If you need to clean your marble flooring at home, did you know that marbles are extremely porous and their surface chemistry varies from species to species and many times can be quite problematic to clean.

Introducing Green Bean cleaners, these cleaning products are derived from ingredients found in remote locations around the globe like the jungles of Brazil and Mountains of Peru. Just as these thousand year old cultures have lived a healthy lifestyle, the manufacturers found these ingredients and formulated them to be commercially available in their marble cleaning products.

Tuesday, March 10, 2009

Agate Chinese Seal

This seal is carved from bright red agate.

You can see the bands of the agate on the main body.

Bought this piece from a trip in Taiwan!

Monday, March 9, 2009

Rutile in Quartz carving of bottle gourd

Here's a bottle gourd (hulu) carved out of rutiliated quartz.

Look at the nice gold needles in the carving!

The hulu is an ancient remedy for health. In the old days the doctors would carry medicine inside so it has fabled properties for healing. The hulu is believed to absorb negative earth-based qi (energy) that would otherwise affect health and is a traditional Chinese medicine cure. Dried calabash is also used as containers of liquids, often liquors or medicine. Calabash were also grown in earthen molds to form different shapes and dried to house pet crickets, which were kept for their song and fighting abilities. The texture of the gourd lends itself nicely to the sound of the animal, much like a musical instrument. It is a symbol of the Xian immortals.

Sunday, March 8, 2009

Calcite butterfly on quartz

A simple wirework that mounts a butterfly with wings carved from orange calcite onto a quartz point.

Bright colours which liven up the surroundings!

Monday, March 2, 2009

Chinese seal carved from quartz

This is a chinese seal carved off quartz. The top part of the seal is a carving of a dragon.

Most people in China possess a personal name seal. Artists, scholars, collectors and intellectuals may possess a full set of name seals, leisure seals, and studio seals. A well-made seal made from semi-precious stones can cost between ¥400 and ¥4000.

Seals are still used for official purposes in a number of contexts. When collecting parcels or registered post, the name seal serves as an identification, akin to a signature. In banks, traditionally the method of identification was also by a seal. Seals remain the customary form of identification on cheques in Mainland China and Taiwan but not in Hong Kong where signatures are required. Today, personal identification is often by a hand signature accompanied by a seal imprint. Seals can serve as identification with signatures because they are difficult to forge (when compared to forging a signature) and only the owner has access to his own seal.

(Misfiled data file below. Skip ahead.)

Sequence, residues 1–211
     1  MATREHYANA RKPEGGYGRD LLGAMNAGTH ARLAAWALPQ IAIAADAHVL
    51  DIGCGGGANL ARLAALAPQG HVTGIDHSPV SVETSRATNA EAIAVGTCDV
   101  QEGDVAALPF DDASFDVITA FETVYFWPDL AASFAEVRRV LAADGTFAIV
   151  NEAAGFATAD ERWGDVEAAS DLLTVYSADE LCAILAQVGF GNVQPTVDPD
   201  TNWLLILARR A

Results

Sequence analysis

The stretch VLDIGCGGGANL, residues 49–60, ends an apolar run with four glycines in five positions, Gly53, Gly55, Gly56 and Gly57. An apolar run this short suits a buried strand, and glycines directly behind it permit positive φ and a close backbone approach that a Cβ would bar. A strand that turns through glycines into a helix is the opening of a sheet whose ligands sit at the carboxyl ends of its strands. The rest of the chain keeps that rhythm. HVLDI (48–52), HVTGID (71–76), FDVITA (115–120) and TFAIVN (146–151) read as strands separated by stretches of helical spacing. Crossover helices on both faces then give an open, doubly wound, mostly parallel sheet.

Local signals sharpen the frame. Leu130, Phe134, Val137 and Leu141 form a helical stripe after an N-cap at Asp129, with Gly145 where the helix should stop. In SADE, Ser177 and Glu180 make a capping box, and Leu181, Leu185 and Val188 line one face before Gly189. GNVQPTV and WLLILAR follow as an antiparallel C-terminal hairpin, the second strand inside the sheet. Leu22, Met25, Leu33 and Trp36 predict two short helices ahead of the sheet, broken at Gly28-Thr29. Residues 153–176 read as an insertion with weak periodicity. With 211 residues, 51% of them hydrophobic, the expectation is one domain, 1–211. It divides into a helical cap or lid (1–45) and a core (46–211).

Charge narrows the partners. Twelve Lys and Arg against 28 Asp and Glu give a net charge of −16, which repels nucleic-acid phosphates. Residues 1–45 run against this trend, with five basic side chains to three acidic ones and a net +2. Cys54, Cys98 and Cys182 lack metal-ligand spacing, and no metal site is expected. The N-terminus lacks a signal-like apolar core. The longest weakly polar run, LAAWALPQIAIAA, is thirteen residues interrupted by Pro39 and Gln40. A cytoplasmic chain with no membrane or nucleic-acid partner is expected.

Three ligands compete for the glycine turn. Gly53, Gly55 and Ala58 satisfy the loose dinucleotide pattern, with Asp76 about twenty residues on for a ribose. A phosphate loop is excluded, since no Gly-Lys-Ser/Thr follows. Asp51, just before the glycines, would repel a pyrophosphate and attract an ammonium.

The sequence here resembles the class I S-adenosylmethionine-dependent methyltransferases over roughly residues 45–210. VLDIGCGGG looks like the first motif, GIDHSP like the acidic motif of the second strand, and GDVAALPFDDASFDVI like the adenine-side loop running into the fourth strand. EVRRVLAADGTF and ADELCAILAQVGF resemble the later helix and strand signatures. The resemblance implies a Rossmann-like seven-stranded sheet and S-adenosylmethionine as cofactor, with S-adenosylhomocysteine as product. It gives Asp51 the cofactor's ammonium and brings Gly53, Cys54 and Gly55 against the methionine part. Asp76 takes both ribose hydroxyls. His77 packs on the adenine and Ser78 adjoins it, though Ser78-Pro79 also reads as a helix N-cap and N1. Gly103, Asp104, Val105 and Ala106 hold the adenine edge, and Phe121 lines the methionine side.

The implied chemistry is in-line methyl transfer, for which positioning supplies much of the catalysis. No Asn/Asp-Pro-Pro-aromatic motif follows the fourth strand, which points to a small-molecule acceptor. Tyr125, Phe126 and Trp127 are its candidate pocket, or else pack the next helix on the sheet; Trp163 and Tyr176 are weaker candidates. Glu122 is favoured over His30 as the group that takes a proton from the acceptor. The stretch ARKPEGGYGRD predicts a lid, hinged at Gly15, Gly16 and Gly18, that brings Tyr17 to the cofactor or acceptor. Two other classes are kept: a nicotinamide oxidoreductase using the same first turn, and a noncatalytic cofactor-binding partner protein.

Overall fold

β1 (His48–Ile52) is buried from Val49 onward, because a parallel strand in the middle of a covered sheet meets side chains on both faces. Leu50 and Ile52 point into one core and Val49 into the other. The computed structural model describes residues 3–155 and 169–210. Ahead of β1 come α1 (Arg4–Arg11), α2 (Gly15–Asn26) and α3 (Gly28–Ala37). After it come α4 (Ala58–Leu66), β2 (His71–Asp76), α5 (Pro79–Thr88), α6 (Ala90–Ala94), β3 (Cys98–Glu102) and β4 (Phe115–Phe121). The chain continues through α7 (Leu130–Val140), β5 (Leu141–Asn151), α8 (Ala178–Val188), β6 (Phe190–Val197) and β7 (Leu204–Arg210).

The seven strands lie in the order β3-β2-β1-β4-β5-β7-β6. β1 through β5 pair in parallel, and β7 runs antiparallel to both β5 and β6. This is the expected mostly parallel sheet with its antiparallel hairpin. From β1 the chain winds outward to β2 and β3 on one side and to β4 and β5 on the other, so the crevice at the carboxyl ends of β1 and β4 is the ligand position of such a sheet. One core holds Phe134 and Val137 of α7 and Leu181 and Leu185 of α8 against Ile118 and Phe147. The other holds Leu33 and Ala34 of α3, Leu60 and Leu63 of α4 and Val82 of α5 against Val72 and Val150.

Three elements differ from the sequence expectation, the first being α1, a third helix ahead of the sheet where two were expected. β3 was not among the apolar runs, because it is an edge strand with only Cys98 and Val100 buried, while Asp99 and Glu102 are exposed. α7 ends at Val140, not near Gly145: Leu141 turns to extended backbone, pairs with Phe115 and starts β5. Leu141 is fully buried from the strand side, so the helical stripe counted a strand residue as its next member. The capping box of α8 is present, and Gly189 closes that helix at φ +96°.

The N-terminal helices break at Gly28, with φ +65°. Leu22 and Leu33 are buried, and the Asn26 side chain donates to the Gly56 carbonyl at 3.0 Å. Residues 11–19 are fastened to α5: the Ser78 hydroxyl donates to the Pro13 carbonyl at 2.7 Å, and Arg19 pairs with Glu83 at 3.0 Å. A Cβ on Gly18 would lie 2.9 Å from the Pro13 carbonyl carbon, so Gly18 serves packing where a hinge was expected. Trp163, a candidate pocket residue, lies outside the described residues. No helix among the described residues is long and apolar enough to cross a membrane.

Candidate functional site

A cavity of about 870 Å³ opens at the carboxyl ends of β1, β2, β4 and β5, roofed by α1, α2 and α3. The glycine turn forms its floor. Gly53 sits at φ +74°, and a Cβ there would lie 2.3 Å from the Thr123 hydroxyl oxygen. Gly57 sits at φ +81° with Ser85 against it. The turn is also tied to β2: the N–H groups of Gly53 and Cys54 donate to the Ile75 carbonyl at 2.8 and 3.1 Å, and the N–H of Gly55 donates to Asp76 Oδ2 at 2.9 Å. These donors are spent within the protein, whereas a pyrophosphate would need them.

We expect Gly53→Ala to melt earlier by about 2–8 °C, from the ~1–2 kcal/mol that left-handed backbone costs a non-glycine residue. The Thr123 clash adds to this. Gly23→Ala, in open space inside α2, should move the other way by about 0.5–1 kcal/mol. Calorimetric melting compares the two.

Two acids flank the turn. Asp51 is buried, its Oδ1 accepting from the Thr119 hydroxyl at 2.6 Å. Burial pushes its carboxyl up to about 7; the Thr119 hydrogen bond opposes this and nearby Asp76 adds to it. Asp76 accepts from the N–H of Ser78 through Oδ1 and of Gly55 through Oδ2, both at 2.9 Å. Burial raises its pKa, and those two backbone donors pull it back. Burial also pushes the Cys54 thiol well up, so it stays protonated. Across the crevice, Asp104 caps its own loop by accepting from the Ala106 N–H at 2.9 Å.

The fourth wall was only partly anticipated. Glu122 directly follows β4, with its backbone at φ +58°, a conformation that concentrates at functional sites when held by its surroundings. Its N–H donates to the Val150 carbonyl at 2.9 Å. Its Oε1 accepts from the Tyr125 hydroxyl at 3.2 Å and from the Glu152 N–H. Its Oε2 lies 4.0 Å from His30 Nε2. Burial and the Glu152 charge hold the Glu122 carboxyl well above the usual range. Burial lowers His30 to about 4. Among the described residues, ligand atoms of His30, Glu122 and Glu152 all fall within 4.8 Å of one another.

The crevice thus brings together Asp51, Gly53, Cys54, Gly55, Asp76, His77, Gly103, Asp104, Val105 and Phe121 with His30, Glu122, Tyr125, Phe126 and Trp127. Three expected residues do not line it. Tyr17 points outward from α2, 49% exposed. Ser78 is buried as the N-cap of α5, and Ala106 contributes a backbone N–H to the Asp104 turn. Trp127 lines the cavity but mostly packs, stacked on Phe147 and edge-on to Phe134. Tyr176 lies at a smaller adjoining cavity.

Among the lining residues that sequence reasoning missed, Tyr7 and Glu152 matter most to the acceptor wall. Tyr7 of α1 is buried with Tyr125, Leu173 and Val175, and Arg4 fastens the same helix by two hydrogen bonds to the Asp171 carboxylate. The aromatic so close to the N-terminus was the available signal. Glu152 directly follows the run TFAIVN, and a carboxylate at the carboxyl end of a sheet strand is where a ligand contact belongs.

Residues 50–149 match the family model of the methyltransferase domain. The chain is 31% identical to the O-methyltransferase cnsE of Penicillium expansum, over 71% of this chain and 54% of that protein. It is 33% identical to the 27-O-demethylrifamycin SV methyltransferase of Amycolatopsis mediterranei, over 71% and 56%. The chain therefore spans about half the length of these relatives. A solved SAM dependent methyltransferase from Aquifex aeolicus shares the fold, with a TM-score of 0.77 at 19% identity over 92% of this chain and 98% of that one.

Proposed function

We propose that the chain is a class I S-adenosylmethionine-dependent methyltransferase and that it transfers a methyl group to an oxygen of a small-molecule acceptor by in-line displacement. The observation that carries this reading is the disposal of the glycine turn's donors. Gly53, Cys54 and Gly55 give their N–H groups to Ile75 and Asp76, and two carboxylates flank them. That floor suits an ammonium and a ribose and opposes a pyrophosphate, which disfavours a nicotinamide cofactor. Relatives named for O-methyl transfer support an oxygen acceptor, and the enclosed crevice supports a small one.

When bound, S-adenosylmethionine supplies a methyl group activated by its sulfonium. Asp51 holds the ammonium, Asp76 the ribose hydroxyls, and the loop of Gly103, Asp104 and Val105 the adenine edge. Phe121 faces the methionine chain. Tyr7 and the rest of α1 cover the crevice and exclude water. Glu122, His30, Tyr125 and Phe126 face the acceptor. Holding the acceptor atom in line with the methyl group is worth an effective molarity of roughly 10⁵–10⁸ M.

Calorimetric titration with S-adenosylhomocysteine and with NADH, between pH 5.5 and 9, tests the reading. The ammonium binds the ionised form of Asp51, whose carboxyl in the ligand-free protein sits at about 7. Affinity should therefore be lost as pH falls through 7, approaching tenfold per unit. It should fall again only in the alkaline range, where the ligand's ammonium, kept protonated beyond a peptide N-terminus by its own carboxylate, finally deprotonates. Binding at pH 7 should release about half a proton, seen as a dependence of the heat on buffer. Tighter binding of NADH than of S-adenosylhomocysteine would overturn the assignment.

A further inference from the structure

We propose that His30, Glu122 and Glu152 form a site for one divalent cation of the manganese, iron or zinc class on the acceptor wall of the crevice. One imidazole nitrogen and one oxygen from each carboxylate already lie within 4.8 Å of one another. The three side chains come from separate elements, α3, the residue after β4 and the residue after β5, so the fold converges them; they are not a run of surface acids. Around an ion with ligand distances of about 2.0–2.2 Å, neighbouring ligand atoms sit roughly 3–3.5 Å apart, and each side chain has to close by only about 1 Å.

Seals are also often used on Chinese calligraphy works and Chinese paintings, usually imprinted in such works in the order (from top to bottom) of name seal, leisure seal(s), then studio seal. Owners or collectors of paintings or books will often add their own studio seals to pieces they have collected. This practice is an act of appreciation towards the work. Some artworks have had not only seals but inscriptions of the owner on them; for example, the Qianlong emperor had as many as 20 different seals for use with inscriptions on paintings he collected. Provided that it is tastefully done (for example, not obscuring the body of the painting, appropriate inscription, fine calligraphy, etc), this practice does not devalue the painting.

Seals are usually carved out by specialist seal carvers, or by the users themselves. Specialist carvers will carve the user's name into the stone in one of the standard scripts and styles described above, usually for a fee. On the other hand, some people take to carving their own seals using soapstone and fine knives, which are widely available and is cheaper than paying a professional for expertise, craft, and material. Results vary, but it is possible for individuals to carve perfectly legitimate seals for themselves.

Sunday, March 1, 2009

Carved Teapots

This is another tea pot carved out of serpentine. As you can see, the workmanship is quite delicate!

It resembles a leaf when its lid is closed. View of pot when lid is opened, interior is hollowed like a true teapot!